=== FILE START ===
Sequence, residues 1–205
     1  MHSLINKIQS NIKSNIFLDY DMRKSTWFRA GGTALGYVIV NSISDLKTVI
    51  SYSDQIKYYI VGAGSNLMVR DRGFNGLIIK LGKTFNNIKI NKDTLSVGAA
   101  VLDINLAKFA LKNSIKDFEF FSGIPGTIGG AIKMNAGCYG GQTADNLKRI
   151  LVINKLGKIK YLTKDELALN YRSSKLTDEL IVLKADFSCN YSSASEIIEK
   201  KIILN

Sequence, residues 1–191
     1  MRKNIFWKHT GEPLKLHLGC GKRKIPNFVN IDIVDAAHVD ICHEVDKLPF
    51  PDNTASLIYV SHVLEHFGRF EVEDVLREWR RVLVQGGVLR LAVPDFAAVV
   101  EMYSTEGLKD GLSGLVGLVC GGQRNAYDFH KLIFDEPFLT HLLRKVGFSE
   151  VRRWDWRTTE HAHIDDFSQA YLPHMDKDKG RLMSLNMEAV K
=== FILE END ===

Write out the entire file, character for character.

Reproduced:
Sequence, residues 1–205
     1  MHSLINKIQS NIKSNIFLDY DMRKSTWFRA GGTALGYVIV NSISDLKTVI
    51  SYSDQIKYYI VGAGSNLMVR DRGFNGLIIK LGKTFNNIKI NKDTLSVGAA
   101  VLDINLAKFA LKNSIKDFEF FSGIPGTIGG AIKMNAGCYG GQTADNLKRI
   151  LVINKLGKIK YLTKDELALN YRSSKLTDEL IVLKADFSCN YSSASEIIEK
   201  KIILN

Sequence, residues 1–191
     1  MRKNIFWKHT GEPLKLHLGC GKRKIPNFVN IDIVDAAHVD ICHEVDKLPF
    51  PDNTASLIYV SHVLEHFGRF EVEDVLREWR RVLVQGGVLR LAVPDFAAVV
   101  EMYSTEGLKD GLSGLVGLVC GGQRNAYDFH KLIFDEPFLT HLLRKVGFSE
   151  VRRWDWRTTE HAHIDDFSQA YLPHMDKDKG RLMSLNMEAV K